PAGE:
That brings me back to textbooks. There is no reason that students should have to pay thousands of dollars each year for proprietary textbooks. The solution is simple: publicly fund ‘open textbooks’.

Fortunately, there’s a growing movement to do so, which has given birth to a sizable corpus of open textbooks. Let’s make this corpus bigger.

Here’s how you can help. If you are a university teacher, consider using an open textbook in your course. If you are student, ask your teachers to switch to an open textbook. And as a citizen, tell your government representative that you want to fund open access knowledge.

Here is a list of open-textbook resources:

Did I miss a resource? Leave a comment!


[Cover image from Pixabay and Wikimedia Commons.]

  1. York chose to opt out of the tariff largely because Access Copyright hiked the price to $45 per full time student. Access Copyright also added a dubious clause in which emailing a link would count as photocopying. Cory Doctorow observes:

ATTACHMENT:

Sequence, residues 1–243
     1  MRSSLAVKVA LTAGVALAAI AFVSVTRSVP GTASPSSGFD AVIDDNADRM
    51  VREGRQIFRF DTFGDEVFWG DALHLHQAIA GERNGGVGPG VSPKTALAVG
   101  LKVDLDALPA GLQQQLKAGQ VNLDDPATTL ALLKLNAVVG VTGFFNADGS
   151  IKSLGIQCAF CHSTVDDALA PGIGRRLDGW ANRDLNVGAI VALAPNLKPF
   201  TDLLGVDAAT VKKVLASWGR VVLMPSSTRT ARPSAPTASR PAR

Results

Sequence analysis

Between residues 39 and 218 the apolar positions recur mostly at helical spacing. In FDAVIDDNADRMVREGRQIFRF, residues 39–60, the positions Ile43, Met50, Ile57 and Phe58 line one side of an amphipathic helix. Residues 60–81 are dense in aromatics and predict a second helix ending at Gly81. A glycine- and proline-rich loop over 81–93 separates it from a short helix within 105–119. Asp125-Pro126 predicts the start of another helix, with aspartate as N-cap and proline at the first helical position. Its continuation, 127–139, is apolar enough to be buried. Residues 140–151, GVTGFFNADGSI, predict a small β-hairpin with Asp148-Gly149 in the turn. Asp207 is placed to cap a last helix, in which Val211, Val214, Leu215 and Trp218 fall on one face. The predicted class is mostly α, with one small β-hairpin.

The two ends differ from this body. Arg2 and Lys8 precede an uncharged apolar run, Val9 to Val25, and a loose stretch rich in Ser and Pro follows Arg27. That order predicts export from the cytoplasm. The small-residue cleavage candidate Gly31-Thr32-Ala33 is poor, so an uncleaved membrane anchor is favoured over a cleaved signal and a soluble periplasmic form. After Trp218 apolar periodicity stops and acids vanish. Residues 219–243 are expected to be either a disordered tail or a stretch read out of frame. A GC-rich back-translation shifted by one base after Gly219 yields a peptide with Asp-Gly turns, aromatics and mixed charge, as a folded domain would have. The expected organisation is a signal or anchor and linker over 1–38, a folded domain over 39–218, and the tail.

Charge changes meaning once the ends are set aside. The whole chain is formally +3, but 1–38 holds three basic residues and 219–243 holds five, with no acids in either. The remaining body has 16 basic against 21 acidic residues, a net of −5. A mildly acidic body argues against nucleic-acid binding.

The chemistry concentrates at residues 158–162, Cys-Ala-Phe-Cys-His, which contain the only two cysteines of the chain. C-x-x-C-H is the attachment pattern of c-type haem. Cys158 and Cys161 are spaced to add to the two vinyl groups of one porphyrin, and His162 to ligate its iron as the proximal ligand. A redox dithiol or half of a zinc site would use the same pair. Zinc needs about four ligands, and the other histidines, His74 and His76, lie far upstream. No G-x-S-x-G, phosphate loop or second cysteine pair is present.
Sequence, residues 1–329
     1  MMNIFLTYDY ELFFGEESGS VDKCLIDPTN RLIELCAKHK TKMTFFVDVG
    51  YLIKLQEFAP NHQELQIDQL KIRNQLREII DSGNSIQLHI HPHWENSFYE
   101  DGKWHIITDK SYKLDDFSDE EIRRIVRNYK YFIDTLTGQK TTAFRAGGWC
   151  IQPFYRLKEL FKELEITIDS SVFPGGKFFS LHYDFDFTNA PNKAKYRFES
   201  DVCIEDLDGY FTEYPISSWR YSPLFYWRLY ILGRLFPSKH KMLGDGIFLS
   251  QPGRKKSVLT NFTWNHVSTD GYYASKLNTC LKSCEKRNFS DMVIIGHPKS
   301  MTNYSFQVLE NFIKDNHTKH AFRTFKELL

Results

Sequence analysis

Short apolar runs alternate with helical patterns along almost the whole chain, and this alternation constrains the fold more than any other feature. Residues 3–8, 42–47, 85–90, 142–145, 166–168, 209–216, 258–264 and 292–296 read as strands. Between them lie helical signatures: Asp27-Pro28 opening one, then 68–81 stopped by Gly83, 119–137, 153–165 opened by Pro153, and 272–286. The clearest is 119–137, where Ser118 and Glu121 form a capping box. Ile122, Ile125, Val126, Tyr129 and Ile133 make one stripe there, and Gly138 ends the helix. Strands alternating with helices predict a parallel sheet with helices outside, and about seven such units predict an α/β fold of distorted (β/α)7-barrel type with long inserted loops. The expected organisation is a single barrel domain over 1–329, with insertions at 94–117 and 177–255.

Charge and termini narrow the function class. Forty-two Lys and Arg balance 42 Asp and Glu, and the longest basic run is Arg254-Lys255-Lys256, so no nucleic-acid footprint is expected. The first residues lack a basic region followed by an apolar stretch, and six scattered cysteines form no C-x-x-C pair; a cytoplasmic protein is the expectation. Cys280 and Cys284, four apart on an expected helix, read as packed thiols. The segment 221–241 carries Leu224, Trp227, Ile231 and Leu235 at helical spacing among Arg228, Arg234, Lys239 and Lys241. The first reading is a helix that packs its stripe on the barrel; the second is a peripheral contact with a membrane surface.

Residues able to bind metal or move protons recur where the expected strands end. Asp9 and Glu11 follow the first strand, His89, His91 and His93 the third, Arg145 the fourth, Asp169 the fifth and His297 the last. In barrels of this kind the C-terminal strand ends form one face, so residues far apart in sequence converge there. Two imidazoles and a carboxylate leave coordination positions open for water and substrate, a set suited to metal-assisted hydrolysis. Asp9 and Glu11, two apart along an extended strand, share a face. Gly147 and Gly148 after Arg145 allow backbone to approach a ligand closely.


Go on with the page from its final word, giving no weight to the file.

Under a new deal signed by the University of Western Ontario and the University of Toronto, the act of emailing a link will be classed as equivalent to photocopying, and each student and faculty member will cost the universities $27.50/year for this right that the law gives them for free, along with a collection of other blanket licenses of varying legitimacy. In order to enforce these licenses, all faculty email will be subject to surveillance.

  2. Yes, there is more to it that just minimizing costs and maximizing information flow. We also want to pay writers a fair income. And we want the information to be high quality. There are many such details that I’ve glossed over.
  3. Summarizing the York University v. Access Copyright lawsuit, Field Law writes:

    Over time, York University became a proxy for a broad coalition of those wishing to challenge the scope of Access Copyright’s tariffs, including Universities Canada, the Canadian Association of University Teachers, and the Canadian Federation of Students.